Visions of bombers?
The image is pretty hard to create.
According to a literal reading of the Dec. 3 edition of The Oconee Enterprise, Oconee County Commissioner Chuck Horton blew himself up--"exploded"--at the end of the Tuesday night meeting of the Board of Commissioners.
As is often the case, a literal reading of the Enterprise isn’t to be recommended.
Here’s what actually happened:
At the 35th minute of a 60 minute meeting, Horton, without raising his voice, expressed his disappointment with a rezone request that had come back before the board for review.
"I’m disappointed with this project," Horton said calmly. "I think the record will show I voted for it back in ‘06. But this is not what I voted for. I’m not in the construction business and I understand slight modifications. But this is not a slight modification, Ken, I’ll tell you that. That’s me. Seventeen thousand four hundred feet is not a slight modification."
Horton said the design of the buildings also was not what had been approved, and he added, "To me, it should have come back before the board and we deal with it."
He spoke for one minute and 30 seconds, and he stopped.
Here’s how the paper started its report on that meeting at the top of the front page of Thursday’s edition:
"All was calm, even dull, until the end of the Oconee Board of Commissioners meeting Tuesday when member Chuck Horton exploded.
"‘This is not what I voted for,’ he declared. ‘It’s not what we talked about. These aren’t minor modifications, and they’re already built! You need to come back before this board!’"
The applicant already was before the board, and Horton was talking to the representative of the applicant, which should have been a tip for the reporter that Horton didn't say that.
Commissioner Jim Luke "chimed in" to support Horton, the paper wrote, while Chairman Melvin Davis "murmured" and Commissioner John Daniell "sat silent." Commissioner Margaret Hale "was out sick."
Ken--in Horton's actual quote--was Ken Beall of Beall and Company, representing Oconee Safe Storage, 1711 Hog Mountain road, which was seeking to modify the original development plan to increase the overall square footage for the storage facility, which already has been built.
In October of 2006, the BOC had approved a rezone for the site to allow for construction of an office building of 686 square feet and 12 storage buildings totaling 50,925 square feet.
Instead of that, the current site has an office building of 1,270 square feet and eight buildings totally 68,210 square feet. The storage building square foot difference is 17,285, though the application uses the 17,400 figure Horton referred to.
Beall explained the changes by saying "we discovered there was more topographical relief on the site that what we originally envisioned," causing the builders to alter the plans accordingly. He said such modifications of plans were routine.
The 3.3 acre site fronts on Hog Moutain road and slopes down to the adjoining pasture of the U.S. Department of Agriculture Southern Piedmont Experiment Station.
In the end, the board voted unanimously to approve the changes, allowing the builder to have fewer buildings with more square feet in storage and of a different design than had been proposed and approved initially.
The Enterprise consistently provides negative coverage of the four members of the Board of Commissioners, so the exaggeration and misquotes of Horton are not so surprising.
The paper usually provides favorable coverage of Chairman Davis, however, making the second known error on the front page of the Dec. 3 paper a little more surprising.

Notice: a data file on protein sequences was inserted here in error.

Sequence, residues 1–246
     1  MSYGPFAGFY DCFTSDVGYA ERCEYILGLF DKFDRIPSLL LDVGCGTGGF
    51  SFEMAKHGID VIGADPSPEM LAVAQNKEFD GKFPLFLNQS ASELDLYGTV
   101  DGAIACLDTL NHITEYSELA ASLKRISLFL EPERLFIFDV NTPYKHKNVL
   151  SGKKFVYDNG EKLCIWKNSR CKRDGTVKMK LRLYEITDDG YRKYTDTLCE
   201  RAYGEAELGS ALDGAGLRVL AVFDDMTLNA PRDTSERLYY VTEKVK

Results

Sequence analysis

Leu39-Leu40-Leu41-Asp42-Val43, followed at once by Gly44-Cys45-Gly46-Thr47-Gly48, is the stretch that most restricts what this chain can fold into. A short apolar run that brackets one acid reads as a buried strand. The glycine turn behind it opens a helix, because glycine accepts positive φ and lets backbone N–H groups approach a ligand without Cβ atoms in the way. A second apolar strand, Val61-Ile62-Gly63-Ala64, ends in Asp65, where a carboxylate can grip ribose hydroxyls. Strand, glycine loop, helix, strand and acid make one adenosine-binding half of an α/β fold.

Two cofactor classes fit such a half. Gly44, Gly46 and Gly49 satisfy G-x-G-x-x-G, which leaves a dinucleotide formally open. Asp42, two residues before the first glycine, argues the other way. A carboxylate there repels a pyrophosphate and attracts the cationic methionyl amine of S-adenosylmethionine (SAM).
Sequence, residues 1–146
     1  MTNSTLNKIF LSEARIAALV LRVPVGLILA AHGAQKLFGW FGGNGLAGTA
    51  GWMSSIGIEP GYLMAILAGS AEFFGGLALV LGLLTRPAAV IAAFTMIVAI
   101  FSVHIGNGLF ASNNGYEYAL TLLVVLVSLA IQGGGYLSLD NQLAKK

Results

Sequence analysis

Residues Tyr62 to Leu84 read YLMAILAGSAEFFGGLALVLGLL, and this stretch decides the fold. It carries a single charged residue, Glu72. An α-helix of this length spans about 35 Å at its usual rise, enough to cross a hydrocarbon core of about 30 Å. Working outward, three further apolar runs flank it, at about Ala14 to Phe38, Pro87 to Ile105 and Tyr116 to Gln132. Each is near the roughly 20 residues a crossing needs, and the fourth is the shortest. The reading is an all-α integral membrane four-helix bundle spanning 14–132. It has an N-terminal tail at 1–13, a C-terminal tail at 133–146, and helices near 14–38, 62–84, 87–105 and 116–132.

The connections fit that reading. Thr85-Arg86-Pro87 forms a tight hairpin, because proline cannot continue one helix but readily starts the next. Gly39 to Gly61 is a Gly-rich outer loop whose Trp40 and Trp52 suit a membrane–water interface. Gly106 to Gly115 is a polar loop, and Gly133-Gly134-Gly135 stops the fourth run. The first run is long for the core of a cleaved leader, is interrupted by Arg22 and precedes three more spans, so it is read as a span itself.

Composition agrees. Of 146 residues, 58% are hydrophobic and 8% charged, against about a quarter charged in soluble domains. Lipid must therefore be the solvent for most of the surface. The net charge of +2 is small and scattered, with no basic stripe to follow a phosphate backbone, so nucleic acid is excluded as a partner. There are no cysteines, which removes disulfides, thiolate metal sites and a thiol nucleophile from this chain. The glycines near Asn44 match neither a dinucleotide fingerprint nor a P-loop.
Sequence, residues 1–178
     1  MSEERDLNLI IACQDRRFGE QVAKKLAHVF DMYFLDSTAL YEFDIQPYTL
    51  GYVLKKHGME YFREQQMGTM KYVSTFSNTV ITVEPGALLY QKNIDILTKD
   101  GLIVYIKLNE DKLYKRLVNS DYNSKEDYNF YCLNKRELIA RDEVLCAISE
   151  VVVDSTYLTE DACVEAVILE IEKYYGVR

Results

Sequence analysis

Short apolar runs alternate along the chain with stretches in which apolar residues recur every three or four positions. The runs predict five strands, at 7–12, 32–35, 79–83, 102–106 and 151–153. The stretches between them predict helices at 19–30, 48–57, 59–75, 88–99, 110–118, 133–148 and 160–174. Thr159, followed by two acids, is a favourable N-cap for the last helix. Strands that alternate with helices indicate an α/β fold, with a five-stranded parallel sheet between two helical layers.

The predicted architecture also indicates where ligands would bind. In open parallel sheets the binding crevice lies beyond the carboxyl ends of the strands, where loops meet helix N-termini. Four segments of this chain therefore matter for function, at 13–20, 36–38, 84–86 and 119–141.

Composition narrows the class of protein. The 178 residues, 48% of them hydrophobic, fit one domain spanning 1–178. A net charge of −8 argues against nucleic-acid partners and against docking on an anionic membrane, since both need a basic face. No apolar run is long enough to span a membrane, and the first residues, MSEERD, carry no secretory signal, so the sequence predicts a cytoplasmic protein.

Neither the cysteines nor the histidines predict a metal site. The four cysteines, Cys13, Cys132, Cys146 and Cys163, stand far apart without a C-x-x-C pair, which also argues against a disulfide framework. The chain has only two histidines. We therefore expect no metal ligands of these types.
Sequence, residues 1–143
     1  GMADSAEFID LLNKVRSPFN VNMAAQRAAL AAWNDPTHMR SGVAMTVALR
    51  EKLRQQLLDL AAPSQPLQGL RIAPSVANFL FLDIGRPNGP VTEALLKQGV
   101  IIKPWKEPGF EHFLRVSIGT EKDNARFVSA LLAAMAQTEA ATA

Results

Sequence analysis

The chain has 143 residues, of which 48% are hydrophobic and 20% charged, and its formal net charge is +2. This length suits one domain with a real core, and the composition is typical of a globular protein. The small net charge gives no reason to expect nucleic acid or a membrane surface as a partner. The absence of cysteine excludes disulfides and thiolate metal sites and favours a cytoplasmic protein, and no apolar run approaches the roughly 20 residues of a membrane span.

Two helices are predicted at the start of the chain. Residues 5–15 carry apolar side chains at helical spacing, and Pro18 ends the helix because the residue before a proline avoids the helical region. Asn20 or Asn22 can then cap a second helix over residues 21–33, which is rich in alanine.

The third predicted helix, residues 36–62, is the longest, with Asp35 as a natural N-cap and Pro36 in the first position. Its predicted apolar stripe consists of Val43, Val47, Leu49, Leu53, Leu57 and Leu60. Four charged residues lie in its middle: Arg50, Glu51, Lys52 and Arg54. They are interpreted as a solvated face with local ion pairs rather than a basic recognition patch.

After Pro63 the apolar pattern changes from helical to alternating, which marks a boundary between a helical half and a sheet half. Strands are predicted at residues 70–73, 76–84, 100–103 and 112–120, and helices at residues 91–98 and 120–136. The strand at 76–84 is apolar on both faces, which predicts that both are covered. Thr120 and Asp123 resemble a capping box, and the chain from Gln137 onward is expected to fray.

In a story at the bottom, left side of the page, based on the agenda-setting meeting of Nov. 24, the paper announced that because of budget problems "county jobs will go and expenses will be cut across the board."
This statement--not attributed to anyone--appeared near a picture of Davis, who is quoted as saying "FY 2011 and 2012 will be tough and even more so (than this past year). Where else can we cut to make up the difference?"
Here’s what Davis actually said, this time literally at the end of the meeting:
"I’m predicting...that FY11 and FY12 is going to be just as tough as FY10, maybe more so. We’re looking already at what our revenue and expenditures will be and whether or not it will go south as far as income is concerned, or where else we can cut in order to make up that difference. We’ve got to have a balanced budget, just like everybody else."
Neither he nor county Finance Director Jeff Benko, who also spoke, said anything about cutting jobs or cutting across the board.
Journalists are supposed to worry about mistakes out of fear that readers who find errors in stories they know something about will assume that other stories they don’t know anything about also have errors in them. Then the whole paper becomes something not to be trusted.
Because the county now puts recordings of BOC meetings on Vimeo, readers have the opportunity to judge for themselves how accurately the Enterprise covers commission meetings.
They have to judge for themselves what to believe about other stories in the paper.
Because of personal knowledge, I can say that the Dec. 3 issue of the paper did contain at least one other error.
The Enterprise ran a letter from me on page A5 in which I tried to correct errors in a story in the Nov. 19 issue of the paper about a mitigation resolution I had introduced to the BOC.
The letter was used unedited, except for my address.
I closed the submitted letter with my name, street address, and "Oconee County." My mail is delivered out of Athens, as is the case for many others in the county, but I did not list that on the letter, which was submitted electronically.
The paper removed "Oconee County" and substituted in "Athens," so the letter was signed, according to the paper, as from "Lee Becker, Athens."
I am from here, even if the Enterprise wishes–and wishes to suggest–otherwise.